The goal of Xamarin.Android in fine is to allow managed code to be run inside an existing Java runtime and ensure both of them can talk to each other. To accomplish this, it embeds the Mono runtime inside the process and allows it to coexist with the existing Java VM.

To allow communication between the two worlds, it uses the concept of bridged objects. Everytime a Java object is surfaced to the managed world (e.g. a overriden method parameter) or when a managed (likely autogenerated) wrapper to a Java object is created, a peering process happens whereby the managed instance and the Java instance become linked to each other, sharing their lifetime (meaning one can’t be collected without the other) until the link is cut.

To call Java code from the managed world, the JNI invocation API is used. To let Java code call into the managed world (due to subclassing or callbacks), a Java wrapper class is automatically generated.

Those wrappers (called ACW/JCW for Android/Java Callable Wrappers) contain a bunch of native methods definition to act as thunks. The thunks are then dynamically plugged using the RegisterNatives JNI call with a function pointer into essentially a mono_runtime_invoke call.

For instance, take the following MyCustomView subclass written in C# like this with its OnDraw method overriden:

public class MyCustomView: Android.Views.View
	public override OnDraw (Canvas c)

During build, an equivalent Java file will be generated, compiled and packaged in your APK:

package md55d31ab91effba0f9ed7ec79c59c38391;

public class MyCustomView
       extends android.view.View
       implements mono.android.IGCUserPeer
        public void onDraw (android.graphics.Canvas p0)
                n_onDraw (p0);

        private native void n_onDraw (android.graphics.Canvas p0);

When you reference that custom view in your XML layout you will likely do it in this fashion:

	android:layout_height="match_parent" />

With some extra Xamarin.Android processing, this will tell the Android layout inflater to load the Java class previously generated and, when trying to draw the view, will end up calling the managed implementation of the OnDraw method through its native thunk.

Back to custom controls

Now that we have a clearer picture on how managed C# views are instantiated in an Android environment, it’s very easy to get them loaded into the designer. Simply add their generated ACW to the special URLClassLoader I mentioned beforehand and they will get processed like any other standard Java custom views.

Only thing left to do was to port our Xamarin.Android/Mono runtime to be able to run natively inside a standard Java desktop VM (in the same fashion than layoutlib with the Android API) so that it could execute the other side of that shim custom view. That code is also now open-source and you can view it on GitHub.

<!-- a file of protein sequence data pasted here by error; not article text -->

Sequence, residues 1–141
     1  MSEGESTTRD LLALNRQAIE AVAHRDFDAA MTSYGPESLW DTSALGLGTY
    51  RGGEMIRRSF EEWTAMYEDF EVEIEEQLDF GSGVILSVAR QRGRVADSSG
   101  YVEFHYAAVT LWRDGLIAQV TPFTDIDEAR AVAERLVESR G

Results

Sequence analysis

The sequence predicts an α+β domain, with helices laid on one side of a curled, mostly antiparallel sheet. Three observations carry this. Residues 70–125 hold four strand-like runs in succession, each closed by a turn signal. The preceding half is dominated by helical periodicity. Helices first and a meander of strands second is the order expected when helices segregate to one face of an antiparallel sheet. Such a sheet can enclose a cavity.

As part of this porting work some dusting off of our AppDomain implementation was required, especially to ensure it worked reliably in a “mobile” context. AppDomains are used as a natural complement to Java’s class loaders allowing the same silo’ed approach on both the Java and managed side.

Thanks to this association, the designer can create several context where multiple version of Android can be run together in an isolated fashion and refreshed binaries can be reloaded without the need for the renderer process itself to be torn down.

Finishing up

Android designer custom controls

The layout rendered above extracted from one of my demo project contains a lot of different type of custom controls like AppBarLayout, Toolbar, RecyclerView, CoordinatorLayout and custom views for FloatingActionButton. By the way, the same feature is what’s also used in our Xamarin.Forms previewer to display the Android rendering of a layout.

There are more things that could be covered here, specifically I never mentioned how we handle error cases or even critical runtime failures which are bound to happen when you load external user code anywhere. Suffice to say we need some good error handling and process resurrection mechanisms which were definitely some of the hardest aspects to implement in the project (and still are).

Not all the code for what’s here is open-source but there are a quite few more things to look at if you are interested: